Construction products

A structured approach for better construction products

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Rick Hartwig, responsible for the built environment at Engineering and technology institution, discusses the importance of structured data and embracing digitization to improve the performance and safety of construction products

“Accept” and “save” are different words that mean different things, but people often use the wrong one. As a result, their meanings got confused, which can lead to confusion. “Scanning” and “scanning” have the same problem but maybe worse because they are difficult to pronounce!

These two terms also have different meanings. Without one you cannot reach the other, so it is important not to neglect one in the clamor to reach the other.

Digitization and digitization have often been used interchangeably. The time has come for manufacturers to recognize them as two words with very different results.

This confusion was highlighted when in the fall of 2020, the Institution of Engineering & Technology (IET) launched a series of blogs and subsequent open calls, under the banner of Manufacturers’ Product Data: A Plain Language. Guide.

Digitization

Digitization transforms your sources of product information, analog and disconnected data, into a connected digital form. Structured information is essential for your business to run more efficiently.

Digitization:

Is the first step towards compliance. Regulation is coming after Grenfell and structured, secure, verified and interoperable product information will be a key requirement of the legislation which is called “the golden thread”.

Supports integrity. It is only through digital transparency that industry and society can confidently confirm product compliance. Digitally transparent manufacturers will demonstrate their commitment to integrity.

Has a commercial sense. A manufacturer providing precise and structured product data is more profitable, more efficient, more stable and more reliable.

Will your business stand the test of time and ultimately the sector which will require product traceability and proof of conformity.

Digitization makes this scanned information work for you in your existing business – benefiting from things like e-commerce, product tracking (object identifiers) or contributing to a digital twin, a thread of gold or a building logbook.

Ten years ago, BIM was launched as the panacea for the construction industry – it was the solution to all our problems and would make us more efficient, reduce costs and therefore improve profitability. Part of this drive towards digitalization was that manufacturers were encouraged to create BIM objects, which over time proved to be of no real benefit without structured data.

Grenfell underscored the need for construction product data that is readily available in a secure and verifiable manner for the supply chain and building owners and operators. A slew of building safety laws are coming, with responsible folks, gateways, and a new building products regulator, all of which will require structured data.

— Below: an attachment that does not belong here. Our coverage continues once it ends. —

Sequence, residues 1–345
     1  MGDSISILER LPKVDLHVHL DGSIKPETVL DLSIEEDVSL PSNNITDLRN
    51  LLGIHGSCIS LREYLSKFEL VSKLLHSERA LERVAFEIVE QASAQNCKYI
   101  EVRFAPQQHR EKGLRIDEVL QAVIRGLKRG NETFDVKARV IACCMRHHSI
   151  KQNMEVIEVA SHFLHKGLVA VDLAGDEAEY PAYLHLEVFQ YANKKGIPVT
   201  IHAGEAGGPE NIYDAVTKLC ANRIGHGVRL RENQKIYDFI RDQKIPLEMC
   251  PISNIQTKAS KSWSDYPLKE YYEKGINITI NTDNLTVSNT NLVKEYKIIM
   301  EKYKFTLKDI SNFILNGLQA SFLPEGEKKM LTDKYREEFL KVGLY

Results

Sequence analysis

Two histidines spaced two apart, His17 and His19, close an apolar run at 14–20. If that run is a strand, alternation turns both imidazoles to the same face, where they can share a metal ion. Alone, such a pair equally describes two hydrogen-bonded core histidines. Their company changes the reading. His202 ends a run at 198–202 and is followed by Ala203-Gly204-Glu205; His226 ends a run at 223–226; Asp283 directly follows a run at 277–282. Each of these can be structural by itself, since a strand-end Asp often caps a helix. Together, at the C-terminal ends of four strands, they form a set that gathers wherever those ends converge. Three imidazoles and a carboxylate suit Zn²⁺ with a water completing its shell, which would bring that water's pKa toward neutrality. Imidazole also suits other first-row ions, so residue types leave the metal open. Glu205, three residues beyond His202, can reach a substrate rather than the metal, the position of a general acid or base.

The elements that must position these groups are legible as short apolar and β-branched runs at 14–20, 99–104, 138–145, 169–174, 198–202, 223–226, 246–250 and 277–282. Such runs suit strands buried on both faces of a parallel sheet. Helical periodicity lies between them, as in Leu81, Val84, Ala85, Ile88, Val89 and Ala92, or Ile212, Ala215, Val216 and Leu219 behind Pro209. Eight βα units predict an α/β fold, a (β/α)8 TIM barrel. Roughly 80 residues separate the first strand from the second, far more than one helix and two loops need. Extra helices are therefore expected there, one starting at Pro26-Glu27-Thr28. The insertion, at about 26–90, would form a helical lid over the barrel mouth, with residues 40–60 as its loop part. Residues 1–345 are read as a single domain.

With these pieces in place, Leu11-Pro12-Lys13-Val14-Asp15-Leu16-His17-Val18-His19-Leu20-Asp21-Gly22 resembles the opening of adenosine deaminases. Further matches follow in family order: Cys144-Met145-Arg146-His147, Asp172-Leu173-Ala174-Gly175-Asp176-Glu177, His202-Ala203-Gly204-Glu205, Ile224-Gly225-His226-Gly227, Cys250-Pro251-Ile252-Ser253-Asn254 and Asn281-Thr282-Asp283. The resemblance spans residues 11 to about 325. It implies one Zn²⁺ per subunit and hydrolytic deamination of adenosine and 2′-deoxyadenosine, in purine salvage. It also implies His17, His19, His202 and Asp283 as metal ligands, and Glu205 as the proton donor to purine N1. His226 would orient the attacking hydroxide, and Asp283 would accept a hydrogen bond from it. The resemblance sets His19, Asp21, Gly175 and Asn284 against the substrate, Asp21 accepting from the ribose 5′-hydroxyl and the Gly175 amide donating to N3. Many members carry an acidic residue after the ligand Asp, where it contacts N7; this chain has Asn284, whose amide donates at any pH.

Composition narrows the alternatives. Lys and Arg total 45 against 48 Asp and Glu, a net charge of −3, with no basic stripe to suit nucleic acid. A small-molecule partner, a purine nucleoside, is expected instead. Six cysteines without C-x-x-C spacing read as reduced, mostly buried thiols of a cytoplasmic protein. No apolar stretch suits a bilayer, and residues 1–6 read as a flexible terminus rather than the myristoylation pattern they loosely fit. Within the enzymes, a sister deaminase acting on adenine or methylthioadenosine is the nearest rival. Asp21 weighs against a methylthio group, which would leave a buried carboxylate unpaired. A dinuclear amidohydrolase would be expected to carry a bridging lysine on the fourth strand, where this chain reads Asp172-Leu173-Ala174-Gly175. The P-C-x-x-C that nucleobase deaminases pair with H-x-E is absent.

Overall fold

Connection of sources

Many manufacturers keep their data in several different places, such as spreadsheets, databases, CRM and ERP systems, accounting programs, and manufacturing records. The first step in digitization must be to connect these sources and organize the data whatever it is:

  • Organized according to a predefined pattern, the data becomes machine readable and easy to analyze.
  • Only available to those who are authorized to view it but available in case of emergency.
  • Guaranteed to be accurate by being traced back to the source.
  • Capable of being transferred with precision between software platforms, such as those used by different actors in the supply chain.
  • To be effective, certain data must be regularly updated so that it remains alive, accurate and relevant to its users.

The blog series mentioned above made a significant contribution to the latest EIT publication, Digitization for Building Product Manufacturers – A Plain Language Guide. This simple guide shows how a manufacturer can make structured information available to the supply chain.

The guide contains a sample procedure for developing a data strategy that you can adapt to your own business structures. Whether you are a small and medium business, a mid-size business, or a large international business, all businesses will face similar issues and the principles will be the same. The structuring of your data is a challenge of continuous improvement; you can identify issues that will take time and resources to resolve, or the process can be relatively straightforward.

We are at the start of a transformation journey in the construction industry and manufacturers are expected to play their part. You don’t have to wait to scan your construction product information. If you wait for the right time to act, there is no time like the present.

Rick hartwig

Built environment manager

The Institution of Engineering and Technology

Phone. : +44 (0) 1438 313 311

[email protected]

www.theiet.org

Twitter: @theiet

LinkedIn: Digitization for construction product manufacturers

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Instagram: @theiet



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